Definition of stork in English:



  • 1A tall long-legged wading bird with a long heavy bill and typically with white and black plumage.

    • ‘In the next decade, Igor would find a hundred black stork nests and observe as many as 24 breeding pairs a year - more than the number of black storks in all of France.’
    • ‘They are generally considered among the raptors, yet DNA studies show New World vultures to be ancestrally more closely related to storks.’
    • ‘Although storks are wading birds, they usually nest in trees.’
    • ‘Extremely cautious birds, black storks only nest in old forests far from humans.’
    • ‘Forest wagtails, fly catchers, black crested buzzard, open billed storks and egrets are some of the migratory birds one can sight at the Guindy National Park during winter.’
    • ‘The European white stork has a red bill and legs and is regarded as a good omen.’
    • ‘Although kingfishers, bee eaters, storks, dragonflies, mosquitoes and ants are all part of his photographic repertoire, the wary hoopoe has been dodging his lens for years.’
    • ‘Roughly 10 per cent of the country's rare black storks will be made homeless.’
    • ‘During their visit to the park, the children were amazed at the size of the storks and Sarus Cranes.’
    • ‘Both sexes of white storks and black kites look alike, so gender was determined by molecular procedures using DNA extracted from the cellular fraction of a few drops of blood.’
    • ‘Other migratory birds observed in the shallow waters were bar headed geese, open bill storks, northern pintails, gadwalls, curlews, black tailed godwits, spoonbills, green shanks, red shanks and so on.’
    • ‘The black stork, black vulture, and endangered Spanish imperial eagle, of which only 130 pairs remain worldwide, are among the 42 species of birds that depend on the cork woodlands.’
    • ‘These forests are home to rare animals like the black stork, vultures and the Spanish Imperial eagle who depend on the rich diversity of these cork oak forests.’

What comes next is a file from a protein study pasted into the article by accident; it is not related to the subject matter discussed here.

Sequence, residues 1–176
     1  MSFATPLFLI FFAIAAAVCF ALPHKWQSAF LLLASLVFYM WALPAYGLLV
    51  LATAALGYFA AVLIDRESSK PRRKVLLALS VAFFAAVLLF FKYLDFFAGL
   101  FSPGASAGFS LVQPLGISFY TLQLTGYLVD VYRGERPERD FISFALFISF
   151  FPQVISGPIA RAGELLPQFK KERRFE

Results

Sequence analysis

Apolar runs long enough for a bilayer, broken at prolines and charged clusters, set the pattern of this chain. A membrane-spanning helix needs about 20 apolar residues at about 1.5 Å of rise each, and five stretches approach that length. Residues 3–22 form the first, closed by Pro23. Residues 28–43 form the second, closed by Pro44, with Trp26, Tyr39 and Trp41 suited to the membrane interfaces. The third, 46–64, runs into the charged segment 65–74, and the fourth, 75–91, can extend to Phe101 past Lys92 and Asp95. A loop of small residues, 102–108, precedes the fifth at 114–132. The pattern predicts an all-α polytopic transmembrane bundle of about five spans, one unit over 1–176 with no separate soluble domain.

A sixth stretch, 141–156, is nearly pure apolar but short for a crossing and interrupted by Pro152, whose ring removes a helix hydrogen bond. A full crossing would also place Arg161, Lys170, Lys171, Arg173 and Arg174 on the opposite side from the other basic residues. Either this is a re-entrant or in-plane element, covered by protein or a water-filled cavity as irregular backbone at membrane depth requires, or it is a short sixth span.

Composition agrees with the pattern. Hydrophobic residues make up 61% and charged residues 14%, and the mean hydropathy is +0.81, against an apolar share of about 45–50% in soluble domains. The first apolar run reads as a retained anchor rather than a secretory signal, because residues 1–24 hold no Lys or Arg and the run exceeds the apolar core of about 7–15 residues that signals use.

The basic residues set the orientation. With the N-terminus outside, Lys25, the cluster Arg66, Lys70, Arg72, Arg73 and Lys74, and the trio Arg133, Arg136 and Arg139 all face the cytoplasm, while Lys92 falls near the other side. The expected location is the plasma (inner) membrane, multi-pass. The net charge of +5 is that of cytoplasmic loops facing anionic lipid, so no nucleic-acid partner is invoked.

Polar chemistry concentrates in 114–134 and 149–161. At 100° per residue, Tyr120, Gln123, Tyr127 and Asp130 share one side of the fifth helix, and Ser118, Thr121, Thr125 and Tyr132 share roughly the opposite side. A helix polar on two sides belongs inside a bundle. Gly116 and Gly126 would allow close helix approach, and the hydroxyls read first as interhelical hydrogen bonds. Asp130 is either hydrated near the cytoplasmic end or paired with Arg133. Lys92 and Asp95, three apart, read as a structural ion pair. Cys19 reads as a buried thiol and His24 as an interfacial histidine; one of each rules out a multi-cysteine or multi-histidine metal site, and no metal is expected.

• ‘Jacanas, plover and a variety of storks foraged amongst the tall reeds at the river's edge.’
    • ‘Today, Igor still traipses through swamps - with me in tow - searching for black storks in the reserve, where we both volunteer part-time.’
    • ‘It is an important wintering ground for European migratory birds such as the white stork, the lesser kestrel, the Eurasian golden oriole, the Eurasian cuckoo and other wading birds.’
    • ‘Today, thanks to the efforts of white stork enthusiasts throughout the bird's European range, the white stork populations are stabilizing and in some areas even recovering.’
    • ‘The bird life is exquisite, and we saw saddle-billed storks, black vultures, ground hornbills and a number of eagles, among others.’
    • ‘Hunan is home to a variety of rare animals such as the South China tiger, the white stork and the sheldrake, which are protected in the national reserve areas.’
    • ‘The carcasses of ospreys, white-tailed sea eagles, deer, black and white storks and herons are also being found.’
    1. 1.1The white stork as the pretended bringer of babies.
      • ‘This is akin to teaching that babies come from storks.’
      • ‘There is a reason for these statistics and it's not that the stork is going mad and dropping babies off in the wrong places, it is that teenagers are having unprotected sex.’
      • ‘Children throughout Europe and America are taught that the stork delivers newborns to their mothers and according to some traditions the stork can cause a woman to become pregnant merely by looking at her.’
      • ‘The stork has paid a visit to Crossard and delivered a baby boy to Kieran and Eileen.’
      • ‘I wondered if the stork had dropped the baby off at the wrong house.’
      • ‘The finishing touch was a sculpture of a 7ft high stork, complete with baby, made by metal artist Peter Robinson.’
      • ‘It is such as they, in most cases, who still believe the story of the stork which brings babies because of the consequences of a kiss.’
      • ‘That's the Chinese equivalent of the old American tale that babies are dropped off by a stork at expectant parents' homes.’
      • ‘It assumes we haven't evolved from those kindergarten days when we believed in the tooth fairy and in the stork as the source of babies.’
      • ‘Shannon's mommy told her that babies are delivered by the stork and don't you try and tell her any different.’
      • ‘You can use plastic ornaments and toys as your cake decoration, such as umbrellas, storks, bassinets, baby bottles, sports figure dells and newborn baby dolls.’
      • ‘A little girl, about the age of Peter, is going on about how a stork brought her mommy's baby.’
      • ‘As in the west the stork is associated with bringing babies.’
      • ‘Congratulations to Michael & Mary, who had a visit from the stork during the week with the arrival of their new baby son Declan.’
      • ‘While he never delivered a baby, as storks supposedly do, he was just as dependable, never missing a game in 15 seasons.’


Old English storc, of Germanic origin; probably related to stark (because of its rigid stance).